To say the X-Men film franchise has been uneven since kicking off with the eponymous first entry in 2000 would be an understatement. It’s been through good times, rough patches, a prequel, a timeline manipulation, and more, and Hugh Jackman’s Wolverine has been a steady stream of awesomeness throughout. He’s elevated even the weakest films, and oh are there weak films.
When everything’s working and X-Men is at its best, though, it’s something else entirely. We hadn’t seen it at its best until Logan.
The year is 2029. There hasn’t been a new mutant birth in 25 years. The X-Men have been reduced to superheroes people read about in comic books. James Howlett/Logan/Wolverine (Hugh Jackman) isn’t quite as healthy as he’s been in the past, and he spends his days driving people around Texas and keeping Charles Xavier (Patrick Stewart) locked up in Mexico in hopes of avoiding another episode that hurts and kills people.
That’s all turned upside down when he finds himself on the run with Xavier and the young Laura/X-23 (Dafne Keen), a mutant created in a lab with Logan’s DNA. Donald Pierce (Boyd Holbrook) and his armed to the teeth Reavers will stop at nothing to get her back, dead or alive. As anyone familiar with Wolverine and X-23 will know, especially in a beneficial R-rated setting, it doesn’t take long for things to get violent and bloody.
Despite its title character’s history and skill set, Logan isn’t a superhero movie—not in the way of its predecessors, anyway. It’s the story of a wounded, broken man at the tail end of his tough life on a mission he wants no part of. It’s a thrilling action film, a tense sci-fi thriller, a road trip western, and a surprising character study. Its title character just happens to be one of the best known superheroes in existence. If there weren’t enough reasons to stop using “superhero” as a film genre before Logan, it’s safe to say there are now.
Director James Mangold’s story (Scott Frank and Michael Green also receive screenplay credit) is able to land its impact thanks to that aforementioned R rating. Logan presents its title character as he should be: angry, brutal, and unforgiving. It’s a violent film, but never over the top and never for violence’s sake. Every slice and stab carries weight. Every drop of blood matters.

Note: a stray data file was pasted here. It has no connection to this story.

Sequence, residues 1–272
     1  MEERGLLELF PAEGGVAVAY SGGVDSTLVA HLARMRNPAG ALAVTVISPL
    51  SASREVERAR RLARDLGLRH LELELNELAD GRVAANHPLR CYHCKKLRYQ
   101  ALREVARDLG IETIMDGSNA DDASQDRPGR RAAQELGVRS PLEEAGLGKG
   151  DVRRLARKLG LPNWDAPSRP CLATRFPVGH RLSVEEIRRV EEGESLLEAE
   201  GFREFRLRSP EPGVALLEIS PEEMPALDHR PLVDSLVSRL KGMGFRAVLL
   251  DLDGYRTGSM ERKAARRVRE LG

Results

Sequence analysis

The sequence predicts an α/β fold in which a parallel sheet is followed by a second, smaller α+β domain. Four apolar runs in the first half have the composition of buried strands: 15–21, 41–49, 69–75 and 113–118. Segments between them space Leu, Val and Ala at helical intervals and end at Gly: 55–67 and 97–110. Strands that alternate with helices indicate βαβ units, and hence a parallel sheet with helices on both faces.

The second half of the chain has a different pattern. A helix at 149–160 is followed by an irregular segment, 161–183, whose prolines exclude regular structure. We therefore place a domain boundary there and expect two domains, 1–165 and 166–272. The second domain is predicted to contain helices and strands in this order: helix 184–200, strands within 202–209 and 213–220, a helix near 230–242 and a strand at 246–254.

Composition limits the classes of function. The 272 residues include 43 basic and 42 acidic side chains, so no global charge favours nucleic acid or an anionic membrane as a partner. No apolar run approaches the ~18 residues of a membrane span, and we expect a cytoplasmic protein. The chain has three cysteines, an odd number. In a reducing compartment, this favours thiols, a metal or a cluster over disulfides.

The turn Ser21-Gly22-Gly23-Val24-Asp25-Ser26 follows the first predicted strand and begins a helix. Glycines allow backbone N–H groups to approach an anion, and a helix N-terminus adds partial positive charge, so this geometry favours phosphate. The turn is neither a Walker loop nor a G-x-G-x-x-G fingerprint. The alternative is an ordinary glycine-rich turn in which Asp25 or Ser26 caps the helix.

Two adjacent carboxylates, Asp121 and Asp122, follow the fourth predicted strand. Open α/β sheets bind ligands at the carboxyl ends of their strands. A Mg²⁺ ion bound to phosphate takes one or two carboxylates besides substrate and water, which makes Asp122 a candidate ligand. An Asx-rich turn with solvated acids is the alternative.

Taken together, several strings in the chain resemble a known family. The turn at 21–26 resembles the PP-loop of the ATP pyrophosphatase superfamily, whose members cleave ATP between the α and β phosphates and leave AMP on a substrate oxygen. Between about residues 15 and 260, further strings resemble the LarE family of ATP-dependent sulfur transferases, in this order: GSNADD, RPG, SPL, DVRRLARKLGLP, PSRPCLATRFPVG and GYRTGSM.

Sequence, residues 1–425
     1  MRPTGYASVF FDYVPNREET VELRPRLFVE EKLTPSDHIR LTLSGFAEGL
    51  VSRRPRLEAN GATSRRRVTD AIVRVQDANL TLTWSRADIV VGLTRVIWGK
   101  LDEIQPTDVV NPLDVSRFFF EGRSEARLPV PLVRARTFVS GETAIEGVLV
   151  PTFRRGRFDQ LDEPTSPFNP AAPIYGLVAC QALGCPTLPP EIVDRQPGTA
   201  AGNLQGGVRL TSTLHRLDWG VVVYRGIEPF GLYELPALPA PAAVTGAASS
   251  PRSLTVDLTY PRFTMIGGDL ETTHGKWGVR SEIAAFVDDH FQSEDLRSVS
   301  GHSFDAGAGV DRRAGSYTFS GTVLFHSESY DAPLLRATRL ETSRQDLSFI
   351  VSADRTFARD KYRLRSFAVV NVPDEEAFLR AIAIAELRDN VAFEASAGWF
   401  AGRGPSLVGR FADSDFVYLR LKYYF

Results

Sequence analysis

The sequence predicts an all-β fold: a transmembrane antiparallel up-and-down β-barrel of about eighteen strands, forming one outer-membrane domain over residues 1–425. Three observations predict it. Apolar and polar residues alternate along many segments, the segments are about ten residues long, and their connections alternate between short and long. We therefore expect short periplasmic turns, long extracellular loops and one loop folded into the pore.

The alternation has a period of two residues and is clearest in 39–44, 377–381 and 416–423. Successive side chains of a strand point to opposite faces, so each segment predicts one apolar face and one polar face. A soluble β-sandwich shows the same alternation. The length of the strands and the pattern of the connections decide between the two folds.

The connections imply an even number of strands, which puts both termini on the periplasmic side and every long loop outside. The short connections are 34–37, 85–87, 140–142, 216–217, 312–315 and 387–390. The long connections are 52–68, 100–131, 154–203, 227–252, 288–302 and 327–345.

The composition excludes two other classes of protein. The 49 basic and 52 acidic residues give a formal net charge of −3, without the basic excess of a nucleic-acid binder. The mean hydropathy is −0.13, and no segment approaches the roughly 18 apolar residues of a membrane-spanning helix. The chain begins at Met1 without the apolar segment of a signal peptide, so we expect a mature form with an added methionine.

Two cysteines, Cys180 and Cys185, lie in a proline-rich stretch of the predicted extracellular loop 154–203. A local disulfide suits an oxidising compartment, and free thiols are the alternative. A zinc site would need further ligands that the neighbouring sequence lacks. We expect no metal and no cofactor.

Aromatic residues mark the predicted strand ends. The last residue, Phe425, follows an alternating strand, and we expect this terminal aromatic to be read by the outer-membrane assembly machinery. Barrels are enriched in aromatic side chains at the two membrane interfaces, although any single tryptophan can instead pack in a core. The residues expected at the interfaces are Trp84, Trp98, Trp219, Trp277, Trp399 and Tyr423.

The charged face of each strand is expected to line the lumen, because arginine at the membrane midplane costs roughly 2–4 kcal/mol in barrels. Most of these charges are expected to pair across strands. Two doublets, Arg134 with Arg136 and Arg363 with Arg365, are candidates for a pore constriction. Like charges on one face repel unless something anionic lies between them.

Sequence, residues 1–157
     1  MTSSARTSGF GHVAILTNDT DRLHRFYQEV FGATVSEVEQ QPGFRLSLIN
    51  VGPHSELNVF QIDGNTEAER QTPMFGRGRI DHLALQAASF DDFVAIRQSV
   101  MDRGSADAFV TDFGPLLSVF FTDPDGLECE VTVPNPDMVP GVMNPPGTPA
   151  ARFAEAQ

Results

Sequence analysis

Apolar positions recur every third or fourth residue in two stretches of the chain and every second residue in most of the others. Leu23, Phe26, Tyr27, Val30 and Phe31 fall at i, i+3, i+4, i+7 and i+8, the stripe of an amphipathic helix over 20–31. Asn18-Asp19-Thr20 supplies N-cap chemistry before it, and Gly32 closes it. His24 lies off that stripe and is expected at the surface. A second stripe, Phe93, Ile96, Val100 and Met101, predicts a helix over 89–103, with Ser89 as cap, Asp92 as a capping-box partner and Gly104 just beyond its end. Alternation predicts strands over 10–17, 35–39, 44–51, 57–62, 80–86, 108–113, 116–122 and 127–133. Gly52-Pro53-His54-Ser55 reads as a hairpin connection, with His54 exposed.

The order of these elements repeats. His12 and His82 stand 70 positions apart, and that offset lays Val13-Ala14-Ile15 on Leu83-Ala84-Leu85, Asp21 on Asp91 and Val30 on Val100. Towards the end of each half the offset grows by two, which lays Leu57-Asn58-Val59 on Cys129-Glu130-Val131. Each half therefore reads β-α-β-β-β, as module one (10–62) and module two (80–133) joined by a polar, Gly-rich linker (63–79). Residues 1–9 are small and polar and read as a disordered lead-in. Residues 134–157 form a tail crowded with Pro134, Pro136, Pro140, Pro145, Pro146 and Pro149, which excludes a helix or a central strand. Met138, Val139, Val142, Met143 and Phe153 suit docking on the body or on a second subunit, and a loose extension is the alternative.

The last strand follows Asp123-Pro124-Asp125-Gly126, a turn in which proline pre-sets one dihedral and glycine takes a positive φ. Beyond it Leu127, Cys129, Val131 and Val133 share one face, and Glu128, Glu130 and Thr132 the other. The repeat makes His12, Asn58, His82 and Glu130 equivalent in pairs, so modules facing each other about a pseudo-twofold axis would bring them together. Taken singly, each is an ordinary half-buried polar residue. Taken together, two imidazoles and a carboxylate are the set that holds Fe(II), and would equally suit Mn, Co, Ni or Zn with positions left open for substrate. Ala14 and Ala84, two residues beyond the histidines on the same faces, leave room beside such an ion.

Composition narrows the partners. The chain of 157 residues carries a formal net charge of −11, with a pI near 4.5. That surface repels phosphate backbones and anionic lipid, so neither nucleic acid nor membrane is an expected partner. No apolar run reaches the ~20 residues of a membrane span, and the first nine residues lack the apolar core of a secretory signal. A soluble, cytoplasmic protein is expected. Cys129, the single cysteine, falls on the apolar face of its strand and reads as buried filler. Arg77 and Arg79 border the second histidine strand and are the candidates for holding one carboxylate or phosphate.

But the film doesn’t settle for showing Logan at his most violent and intense; Logan also finds him at his most vulnerable. He’s a man who’s been through the worst and then some, and Jackman finally has a chance to show some of his range and talent in his most famous role. Stewart gives a likewise nuanced performance as his Charles Xavier struggles with old age and declining mental state.
Logan marks the end of an era for Fox and fans alike. Both Hugh Jackman and Patrick Stewart have declared the film to be the end of their time as Wolverine and Professor Charles Xavier, respectively. Their relationship has long been a cornerstone of the franchise, and seeing the two actors make their exits together just feels right, especially in a film that features their most honest and heartfelt moments. They couldn’t have picked a better swan song.
Dafne Keen, in her first film and second screen role, shows intensity and brutality to rival Jackman’s. Laura starts out meek and unassuming, transitions to cutthroat in a heartbeat, and radiates confidence and capability as the film rockets toward its gripping, surprisingly emotional conclusion. Wolverine may be gone, but X-23 will do what she does best to keep him around as X-Men continues. What she does best just may look a little familiar to Wolverine fans.
The future of the X-Men films is littered with movies from various sections and time periods of its universe. Whatever the future may bring, though, we can only hope those films manage to be half as good as Logan.
Logan isn’t just one of the best superhero movies ever made—it’s a tremendous feat of blockbuster filmmaking that will hopefully help shape the future of comic book adaptations. And I wouldn’t be surprised if it’s in contention for an award or two by the year’s end.